And then there are the personal touches - a card and personal message to every guest, a cartoonist and best still, choosing the theme from Rocky over the wedding march. All very Jez Jeremy and Flemeny Helen.

Sunday, October 01, 2006

The one which only a handful of people will understand

It's 2016 and ITV is the only channel left on TV. The BBC was closed down due to a row that erupted when the government insisted that the Corporation's Charter include the sentence "...for the public good" appended with the words "and Ant and Dec". SKY is technically still going, but Roman Abramovich bought every player in the world for Chelsea and then sold them to a submarine he then lost in a legal wrangle with God over who actually owns the sea. Now SKY is wall to wall coverage of Abramovich staring blankly from his executive box onto an empty pitch wondering why football isn't as good as it used to be.

Despite having not made a TV programme which hasn't involved clips from old TV programmes in eight years, ITV continues to thrive, after The World's 100 Greatest Clip Show Clips (number 1: Stuart Marconie remembers Curly Wurlies) is the show Where Are They Now? And this episode is about the world's first reality sitcom; Linhope.

Linhope, which ran from 2001 to 2006, centred on three thirty-somethings living in West London; loveable boffin; Dring, rip snorting bon viveur Baz and enigmatic couch potato Davis. It told the story a trio struggling to come to terms with being adults. The show attracted huge audiences including here, here and here.

As Friends insisted on growing up with its stars and audience. Linhope religiously stuck to its original, winning, formula. Blokes drinking, swearing, seeing bands, climbing mountains, playing computer games and making mess. Audiences loved it, living their lives vicariously through the threesome. It couldn't last, however, as viewers became laden with marriage, children, mortgages the reality gap between their lives and those of the three stars widened. Ratings reached a plateau and in 2005 the character Islay was introduced as the love interest for the hapless Dring.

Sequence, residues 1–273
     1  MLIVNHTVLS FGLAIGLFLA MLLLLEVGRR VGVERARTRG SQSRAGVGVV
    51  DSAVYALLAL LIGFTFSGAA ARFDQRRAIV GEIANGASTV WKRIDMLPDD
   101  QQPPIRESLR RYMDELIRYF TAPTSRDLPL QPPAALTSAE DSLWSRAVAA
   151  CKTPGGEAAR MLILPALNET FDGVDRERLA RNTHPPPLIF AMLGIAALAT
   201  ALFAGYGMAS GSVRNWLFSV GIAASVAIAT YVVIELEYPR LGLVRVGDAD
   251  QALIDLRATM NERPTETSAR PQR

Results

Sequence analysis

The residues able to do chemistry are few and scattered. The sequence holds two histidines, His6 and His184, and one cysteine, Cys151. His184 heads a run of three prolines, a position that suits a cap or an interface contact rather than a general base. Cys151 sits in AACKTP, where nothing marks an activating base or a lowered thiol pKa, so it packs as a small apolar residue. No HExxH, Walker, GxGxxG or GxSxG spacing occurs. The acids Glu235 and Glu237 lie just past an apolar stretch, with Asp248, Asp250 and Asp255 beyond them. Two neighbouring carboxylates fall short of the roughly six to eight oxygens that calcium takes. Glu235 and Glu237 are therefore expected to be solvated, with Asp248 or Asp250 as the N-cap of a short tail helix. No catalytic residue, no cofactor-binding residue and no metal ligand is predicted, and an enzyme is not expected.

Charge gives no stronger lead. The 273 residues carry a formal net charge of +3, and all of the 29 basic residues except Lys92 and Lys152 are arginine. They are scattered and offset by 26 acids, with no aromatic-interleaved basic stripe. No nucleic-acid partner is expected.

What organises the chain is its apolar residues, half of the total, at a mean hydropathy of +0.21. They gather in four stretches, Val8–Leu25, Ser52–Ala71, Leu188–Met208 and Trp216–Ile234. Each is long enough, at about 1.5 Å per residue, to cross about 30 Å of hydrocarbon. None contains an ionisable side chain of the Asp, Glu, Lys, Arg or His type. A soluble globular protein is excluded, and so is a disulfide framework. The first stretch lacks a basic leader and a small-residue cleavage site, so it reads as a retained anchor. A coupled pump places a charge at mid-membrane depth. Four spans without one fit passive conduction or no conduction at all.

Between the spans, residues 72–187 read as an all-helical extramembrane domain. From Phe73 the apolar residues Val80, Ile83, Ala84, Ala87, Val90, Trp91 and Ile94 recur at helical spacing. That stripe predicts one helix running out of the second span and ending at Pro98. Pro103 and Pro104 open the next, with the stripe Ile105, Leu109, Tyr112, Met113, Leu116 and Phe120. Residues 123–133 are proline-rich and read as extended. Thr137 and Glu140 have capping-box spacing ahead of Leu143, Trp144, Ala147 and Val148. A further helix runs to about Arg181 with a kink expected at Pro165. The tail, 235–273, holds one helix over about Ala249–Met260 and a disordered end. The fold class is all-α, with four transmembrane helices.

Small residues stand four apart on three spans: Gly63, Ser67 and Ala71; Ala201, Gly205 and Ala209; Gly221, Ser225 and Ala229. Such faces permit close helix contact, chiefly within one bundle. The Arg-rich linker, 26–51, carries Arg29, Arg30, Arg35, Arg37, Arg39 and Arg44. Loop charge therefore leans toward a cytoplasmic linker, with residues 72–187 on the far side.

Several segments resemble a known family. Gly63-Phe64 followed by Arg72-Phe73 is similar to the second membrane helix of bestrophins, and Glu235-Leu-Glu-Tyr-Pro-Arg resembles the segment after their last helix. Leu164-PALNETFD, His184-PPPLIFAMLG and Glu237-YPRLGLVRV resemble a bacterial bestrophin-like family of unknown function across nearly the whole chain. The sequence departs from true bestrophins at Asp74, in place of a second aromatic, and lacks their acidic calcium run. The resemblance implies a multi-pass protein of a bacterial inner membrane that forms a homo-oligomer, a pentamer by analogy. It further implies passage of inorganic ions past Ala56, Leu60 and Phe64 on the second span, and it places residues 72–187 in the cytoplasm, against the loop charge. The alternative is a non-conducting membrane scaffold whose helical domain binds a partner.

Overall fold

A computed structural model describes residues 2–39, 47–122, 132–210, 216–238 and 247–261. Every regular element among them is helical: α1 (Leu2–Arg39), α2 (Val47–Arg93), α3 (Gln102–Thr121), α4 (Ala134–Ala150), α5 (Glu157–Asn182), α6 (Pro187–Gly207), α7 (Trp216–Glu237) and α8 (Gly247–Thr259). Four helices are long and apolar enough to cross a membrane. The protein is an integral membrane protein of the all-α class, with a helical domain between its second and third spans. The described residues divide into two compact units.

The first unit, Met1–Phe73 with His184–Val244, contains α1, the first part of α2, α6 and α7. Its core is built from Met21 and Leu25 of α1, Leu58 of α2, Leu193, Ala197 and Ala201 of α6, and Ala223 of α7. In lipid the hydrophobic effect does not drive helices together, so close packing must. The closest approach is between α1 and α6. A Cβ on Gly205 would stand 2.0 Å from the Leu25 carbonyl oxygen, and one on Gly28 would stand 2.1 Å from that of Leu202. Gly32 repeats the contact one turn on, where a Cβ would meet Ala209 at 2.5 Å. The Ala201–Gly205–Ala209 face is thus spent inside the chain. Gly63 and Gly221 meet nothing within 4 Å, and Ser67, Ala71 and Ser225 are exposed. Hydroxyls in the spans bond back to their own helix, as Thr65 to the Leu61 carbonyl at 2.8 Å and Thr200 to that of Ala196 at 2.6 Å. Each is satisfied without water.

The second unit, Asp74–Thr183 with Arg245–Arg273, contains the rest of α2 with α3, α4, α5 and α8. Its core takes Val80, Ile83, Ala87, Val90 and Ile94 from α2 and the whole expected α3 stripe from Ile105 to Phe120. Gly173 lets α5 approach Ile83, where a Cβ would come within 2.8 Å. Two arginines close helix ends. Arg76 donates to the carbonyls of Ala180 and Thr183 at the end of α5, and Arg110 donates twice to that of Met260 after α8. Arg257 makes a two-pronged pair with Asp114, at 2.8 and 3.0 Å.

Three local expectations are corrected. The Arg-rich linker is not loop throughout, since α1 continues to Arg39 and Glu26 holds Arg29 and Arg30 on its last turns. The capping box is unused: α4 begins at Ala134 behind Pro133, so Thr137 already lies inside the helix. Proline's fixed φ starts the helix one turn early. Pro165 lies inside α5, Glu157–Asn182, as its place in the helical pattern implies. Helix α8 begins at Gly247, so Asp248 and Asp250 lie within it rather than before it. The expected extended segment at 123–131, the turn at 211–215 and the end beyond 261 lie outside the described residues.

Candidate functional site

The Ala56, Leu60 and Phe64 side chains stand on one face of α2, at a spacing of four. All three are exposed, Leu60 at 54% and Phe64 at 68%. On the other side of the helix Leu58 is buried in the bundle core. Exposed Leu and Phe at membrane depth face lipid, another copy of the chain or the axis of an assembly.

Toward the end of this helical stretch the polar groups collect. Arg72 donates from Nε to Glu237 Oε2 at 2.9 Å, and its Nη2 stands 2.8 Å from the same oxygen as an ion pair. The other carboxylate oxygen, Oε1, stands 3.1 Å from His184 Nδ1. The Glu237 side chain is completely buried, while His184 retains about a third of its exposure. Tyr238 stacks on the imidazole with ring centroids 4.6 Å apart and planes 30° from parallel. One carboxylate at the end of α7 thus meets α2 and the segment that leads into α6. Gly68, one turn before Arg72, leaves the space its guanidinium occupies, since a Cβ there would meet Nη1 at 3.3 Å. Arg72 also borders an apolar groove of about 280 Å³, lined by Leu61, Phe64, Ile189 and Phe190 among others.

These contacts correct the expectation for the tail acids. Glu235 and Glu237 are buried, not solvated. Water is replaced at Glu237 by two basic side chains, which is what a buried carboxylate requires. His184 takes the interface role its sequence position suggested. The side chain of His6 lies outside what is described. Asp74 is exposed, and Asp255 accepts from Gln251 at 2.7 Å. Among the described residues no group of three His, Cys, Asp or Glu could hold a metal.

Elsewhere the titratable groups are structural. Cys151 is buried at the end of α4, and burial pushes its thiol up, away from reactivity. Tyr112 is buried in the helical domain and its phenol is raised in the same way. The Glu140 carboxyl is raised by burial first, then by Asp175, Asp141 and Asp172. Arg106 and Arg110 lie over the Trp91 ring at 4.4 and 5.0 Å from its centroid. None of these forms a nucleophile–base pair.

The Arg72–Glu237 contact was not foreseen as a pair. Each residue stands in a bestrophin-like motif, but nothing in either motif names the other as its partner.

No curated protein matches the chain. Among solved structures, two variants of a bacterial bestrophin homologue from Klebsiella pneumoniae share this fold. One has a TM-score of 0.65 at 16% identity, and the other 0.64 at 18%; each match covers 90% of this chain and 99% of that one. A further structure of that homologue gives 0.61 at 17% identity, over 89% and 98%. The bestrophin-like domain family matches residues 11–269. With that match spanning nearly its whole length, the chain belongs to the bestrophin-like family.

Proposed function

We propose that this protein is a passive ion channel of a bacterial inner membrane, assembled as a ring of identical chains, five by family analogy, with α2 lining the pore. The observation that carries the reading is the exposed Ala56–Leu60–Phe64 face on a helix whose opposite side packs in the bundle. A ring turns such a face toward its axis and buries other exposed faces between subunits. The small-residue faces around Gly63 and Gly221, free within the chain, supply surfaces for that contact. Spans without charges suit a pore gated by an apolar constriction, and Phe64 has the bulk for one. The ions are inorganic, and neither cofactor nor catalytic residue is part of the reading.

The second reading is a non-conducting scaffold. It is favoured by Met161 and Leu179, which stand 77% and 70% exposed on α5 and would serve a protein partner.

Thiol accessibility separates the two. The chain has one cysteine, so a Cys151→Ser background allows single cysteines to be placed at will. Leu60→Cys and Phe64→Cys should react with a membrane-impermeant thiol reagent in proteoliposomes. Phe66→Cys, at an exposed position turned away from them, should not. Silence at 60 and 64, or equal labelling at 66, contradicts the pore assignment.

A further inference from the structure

Linhope's star shone brightly once more, the onscreen chemistry between Islay and Dring was immediate leading to much speculation from gossip magazine's that perhaps something was happening off screen. In an improbable twist on 'The Rachel' many women adopted 'The Dring' hairstyle and a single by the duo, a cover of Elton John and Kiki Dee's Don't Go Breaking My Heart, was number one for months.

Dring and Islay's increasing profile in the show coupled with the script writers failure to dream up enough plotlines for the developing relationship saw the show lose its initial spark; it turned out that a particularly hyped episode which featured a Islay/Dring 'bust up' turned out to be a brief discussion about which takeaway they'd get that night. Dring wanted out of the show that made his name, and the script writers hastily re-wrote the final series to conclude the story of the three bachelors. Dring and Islay moved to Cambridge in a ratings winning season finale, whilst Baz moved into respectability by buying a flat. Davis' own story remained inconclusive and the internet buzzed with hundreds of fan-stories of what might have happened to him.

Without any of the Linhope chemistry the spin off sitcom "Baz!" was a ratings flop; bottoming out with the episode "Baz concludes that Direct Debit is a cost efficient and convenient way of paying utility bills". A reunion film was mooted to conclude Davis' story but the three stars couldn't agree contracts, and, with Dring in particular, storylines; rumours were rife that the key sticking point was that the writers couldn't contrive a way of including a Training Montage in Siberia for Dring "like what they had in Rocky IV".

The legend of Linhope ended on 30th September, will we ever see the like again?